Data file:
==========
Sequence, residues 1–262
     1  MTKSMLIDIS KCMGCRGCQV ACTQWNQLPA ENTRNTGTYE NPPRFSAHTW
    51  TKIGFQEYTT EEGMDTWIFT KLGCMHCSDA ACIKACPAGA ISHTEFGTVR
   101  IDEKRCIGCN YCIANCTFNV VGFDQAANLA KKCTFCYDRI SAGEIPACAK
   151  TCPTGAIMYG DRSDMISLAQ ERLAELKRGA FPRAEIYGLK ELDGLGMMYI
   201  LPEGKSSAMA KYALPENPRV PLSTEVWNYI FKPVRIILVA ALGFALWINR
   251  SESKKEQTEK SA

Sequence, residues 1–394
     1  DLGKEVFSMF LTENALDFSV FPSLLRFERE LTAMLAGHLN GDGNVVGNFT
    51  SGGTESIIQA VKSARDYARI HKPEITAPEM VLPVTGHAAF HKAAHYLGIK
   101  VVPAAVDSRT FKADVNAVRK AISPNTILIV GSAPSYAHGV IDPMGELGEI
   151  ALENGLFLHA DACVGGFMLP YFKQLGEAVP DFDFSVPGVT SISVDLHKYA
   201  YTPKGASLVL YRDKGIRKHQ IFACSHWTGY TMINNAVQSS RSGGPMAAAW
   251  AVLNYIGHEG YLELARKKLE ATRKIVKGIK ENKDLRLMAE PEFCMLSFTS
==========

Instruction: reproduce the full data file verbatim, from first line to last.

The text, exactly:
Sequence, residues 1–262
     1  MTKSMLIDIS KCMGCRGCQV ACTQWNQLPA ENTRNTGTYE NPPRFSAHTW
    51  TKIGFQEYTT EEGMDTWIFT KLGCMHCSDA ACIKACPAGA ISHTEFGTVR
   101  IDEKRCIGCN YCIANCTFNV VGFDQAANLA KKCTFCYDRI SAGEIPACAK
   151  TCPTGAIMYG DRSDMISLAQ ERLAELKRGA FPRAEIYGLK ELDGLGMMYI
   201  LPEGKSSAMA KYALPENPRV PLSTEVWNYI FKPVRIILVA ALGFALWINR
   251  SESKKEQTEK SA

Sequence, residues 1–394
     1  DLGKEVFSMF LTENALDFSV FPSLLRFERE LTAMLAGHLN GDGNVVGNFT
    51  SGGTESIIQA VKSARDYARI HKPEITAPEM VLPVTGHAAF HKAAHYLGIK
   101  VVPAAVDSRT FKADVNAVRK AISPNTILIV GSAPSYAHGV IDPMGELGEI
   151  ALENGLFLHA DACVGGFMLP YFKQLGEAVP DFDFSVPGVT SISVDLHKYA
   201  YTPKGASLVL YRDKGIRKHQ IFACSHWTGY TMINNAVQSS RSGGPMAAAW
   251  AVLNYIGHEG YLELARKKLE ATRKIVKGIK ENKDLRLMAE PEFCMLSFTS